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7 Feminist Halloween Flicks To Inspire You This Spooky Season

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Horror is not necessarily known for being a paragon of feminist ideals, but these seven feminist Halloween flicks prove that a smattering of scary movies do exist in which female characters come out on top. In fact, the original Halloween, released in 1978, spurned its very own feminist horror trope — the Final Girl — in which the last woman alive in a horror film is the one who finally confronts the killer and sets the world straight again.

Halloween just released the eleventh movie in its franchise, with original star Jamie Lee Curtis, and shattered box office records. Curtis ticked off its accomplishments on Twitter, noting, "Biggest horror movie opening with a female lead. Biggest movie opening with a female lead over 55. Second biggest October movie opening ever. Biggest Halloween opening ever."

So feminist victories are possible in the genre! But if the idea of heading out to the movies on actual Halloween when masked people are roaming the streets sounds like your personal nightmare fuel, worry not. There are plenty of classic options you can watch from the comfort of your own home while eating all the candy you're supposed to be doling out to trick-or-treaters. Here are some good places to start.

Ginger Snaps

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Ginger Snaps is a cult classic B-movie about the horrors of puberty using literal lycanthropy as a metaphor for menstruation. When Ginger, a high school girl, gets bitten by a werewolf the same night she gets her first period, she finds herself navigating two very stressful transitions at once. Luckily, she has a ride or die sister named Brigitte to help her get through it.

Carrie

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As relevant in 2018 as it was in 1976, Carrie is a movie about a high school girl so repressed by the powers that be that she finally explodes with rage to wreak havoc on the town that mercilessly abused her. From being shamed about her body and sexuality by a very Christian mother, to getting taunted by high school bullies for being painfully sheltered, the film's titular anti-heroine finally snaps after being pranked at prom — the iconic pig's blood scene — and discovers she has powerful abilities lurking under all those feelings.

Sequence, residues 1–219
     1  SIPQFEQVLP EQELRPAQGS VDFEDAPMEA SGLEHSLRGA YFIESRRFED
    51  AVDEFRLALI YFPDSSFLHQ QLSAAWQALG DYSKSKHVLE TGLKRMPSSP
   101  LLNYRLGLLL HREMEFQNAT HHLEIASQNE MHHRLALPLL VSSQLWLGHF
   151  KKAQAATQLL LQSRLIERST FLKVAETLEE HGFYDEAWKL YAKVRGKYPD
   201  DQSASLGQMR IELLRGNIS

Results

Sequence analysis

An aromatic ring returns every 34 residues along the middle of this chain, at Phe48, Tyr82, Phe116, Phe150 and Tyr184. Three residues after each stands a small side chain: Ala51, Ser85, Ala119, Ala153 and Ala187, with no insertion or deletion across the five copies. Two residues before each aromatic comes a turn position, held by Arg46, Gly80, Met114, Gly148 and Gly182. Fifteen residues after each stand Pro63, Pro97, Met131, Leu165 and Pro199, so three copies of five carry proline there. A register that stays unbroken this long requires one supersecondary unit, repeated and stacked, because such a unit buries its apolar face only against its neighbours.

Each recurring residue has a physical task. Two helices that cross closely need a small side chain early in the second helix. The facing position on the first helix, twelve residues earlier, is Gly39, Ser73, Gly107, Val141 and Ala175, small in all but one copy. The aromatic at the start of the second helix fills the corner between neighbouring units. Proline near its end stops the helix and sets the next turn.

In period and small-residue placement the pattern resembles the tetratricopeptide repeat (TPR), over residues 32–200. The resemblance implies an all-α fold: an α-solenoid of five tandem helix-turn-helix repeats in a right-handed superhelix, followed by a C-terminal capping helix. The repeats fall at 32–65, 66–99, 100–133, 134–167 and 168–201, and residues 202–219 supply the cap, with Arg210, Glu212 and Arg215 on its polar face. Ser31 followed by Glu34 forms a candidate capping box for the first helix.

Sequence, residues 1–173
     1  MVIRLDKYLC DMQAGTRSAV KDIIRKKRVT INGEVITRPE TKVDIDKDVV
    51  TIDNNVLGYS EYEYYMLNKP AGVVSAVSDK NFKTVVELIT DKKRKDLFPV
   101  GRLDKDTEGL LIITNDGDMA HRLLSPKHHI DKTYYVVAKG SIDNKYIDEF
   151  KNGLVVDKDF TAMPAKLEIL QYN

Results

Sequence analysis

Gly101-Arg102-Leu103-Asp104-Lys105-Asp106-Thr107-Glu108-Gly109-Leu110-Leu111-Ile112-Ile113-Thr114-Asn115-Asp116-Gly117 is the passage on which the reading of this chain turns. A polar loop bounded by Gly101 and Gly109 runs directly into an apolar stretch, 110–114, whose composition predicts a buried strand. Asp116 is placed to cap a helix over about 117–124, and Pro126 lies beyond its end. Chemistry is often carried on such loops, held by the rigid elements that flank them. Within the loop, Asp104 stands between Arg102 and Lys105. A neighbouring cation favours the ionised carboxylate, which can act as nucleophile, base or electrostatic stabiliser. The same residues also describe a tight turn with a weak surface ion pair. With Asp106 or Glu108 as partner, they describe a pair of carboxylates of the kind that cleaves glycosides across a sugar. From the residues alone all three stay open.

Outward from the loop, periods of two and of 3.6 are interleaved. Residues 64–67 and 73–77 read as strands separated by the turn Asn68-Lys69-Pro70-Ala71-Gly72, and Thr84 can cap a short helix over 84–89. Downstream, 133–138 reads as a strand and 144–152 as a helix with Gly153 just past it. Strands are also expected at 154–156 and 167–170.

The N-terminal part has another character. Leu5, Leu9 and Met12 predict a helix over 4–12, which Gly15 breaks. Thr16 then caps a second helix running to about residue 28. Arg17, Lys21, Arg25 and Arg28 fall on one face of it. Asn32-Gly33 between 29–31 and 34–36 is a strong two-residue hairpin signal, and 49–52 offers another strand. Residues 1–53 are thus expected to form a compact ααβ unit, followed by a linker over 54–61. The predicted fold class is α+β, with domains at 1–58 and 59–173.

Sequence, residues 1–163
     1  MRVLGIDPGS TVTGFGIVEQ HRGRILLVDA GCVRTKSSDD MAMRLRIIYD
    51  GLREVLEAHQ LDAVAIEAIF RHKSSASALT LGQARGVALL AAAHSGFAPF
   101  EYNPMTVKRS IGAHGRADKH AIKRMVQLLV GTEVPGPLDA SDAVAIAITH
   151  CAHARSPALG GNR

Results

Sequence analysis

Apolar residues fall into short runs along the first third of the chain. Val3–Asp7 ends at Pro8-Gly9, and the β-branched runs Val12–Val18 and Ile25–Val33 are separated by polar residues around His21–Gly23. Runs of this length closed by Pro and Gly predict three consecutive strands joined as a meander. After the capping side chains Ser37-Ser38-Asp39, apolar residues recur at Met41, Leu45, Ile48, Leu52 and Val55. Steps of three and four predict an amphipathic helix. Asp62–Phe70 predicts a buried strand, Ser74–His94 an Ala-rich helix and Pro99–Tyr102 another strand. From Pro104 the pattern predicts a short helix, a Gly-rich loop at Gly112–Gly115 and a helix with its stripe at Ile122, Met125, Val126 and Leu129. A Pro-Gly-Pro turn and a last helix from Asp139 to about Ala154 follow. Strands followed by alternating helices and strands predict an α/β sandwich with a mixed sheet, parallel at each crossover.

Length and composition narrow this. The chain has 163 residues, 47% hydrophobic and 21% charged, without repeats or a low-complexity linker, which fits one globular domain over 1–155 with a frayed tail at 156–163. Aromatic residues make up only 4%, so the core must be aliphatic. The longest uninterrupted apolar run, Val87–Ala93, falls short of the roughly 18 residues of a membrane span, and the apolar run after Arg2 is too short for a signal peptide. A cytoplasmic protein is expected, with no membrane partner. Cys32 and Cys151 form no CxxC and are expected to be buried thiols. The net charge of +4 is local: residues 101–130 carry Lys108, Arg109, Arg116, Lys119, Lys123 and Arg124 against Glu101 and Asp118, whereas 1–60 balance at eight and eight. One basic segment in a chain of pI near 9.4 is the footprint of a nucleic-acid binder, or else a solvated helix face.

Jennifer's Body

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Rounding out the vengeful high school girl genre is Jennifer's Body, a whip-smart horror-comedy from Juno screenwriter Diablo Cody. With the same snappy dialogue as its predecessor, Jennifer's Body tells the story of a high school girl who gets murdered as part of a virgin sacrifice — except she isn't a virgin. The film flips the script on purity culture when the ritual goes wrong and Jennifer returns from the dead to terrorize the boys at her school.

The Babadook

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Okay, so internet culture has defanged 2014's The Babadook a little bit and reimagined its titular monster as a deeply misunderstood, cute mascot for the LGBTQ+ community. But the real Babadook is spooky AF! The movie is a complex examination of depression, mental health, isolation, and motherhood, and it's a must-watch on any feminist Halloween movie list.

Scream

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A '90s classic, and scary enough to make anyone who ever had wispy bangs shudder, Scream puts at its center a heroine who has actually seen horror movies before — imagine that! Instead of falling victim to scary, but predictable, horror movie tropes, Sidney sees them coming from a mile away and spends the entire film coolly giving the masked murderer the slip.

Gaslight

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If you're craving a black and white classic, look no further than Gaslight, the film that gave the psychological phenomenon of being manipulated into questioning your reality its name. In the film, a woman named Paula notices strange things happening in her house but her husband, Gregory, assures her that it's all in her head. You'll never guess where this is going...

The Craft

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If you're going to choose a representative witch movie to put on your Halloween list, it has to be 1996's The Craft. We're experiencing a moment of heavily witchy '90s nostalgia in pop culture right now and The Craft, a film about a coven of teen witches at a Catholic high school, is one of the flicks that inspired it all.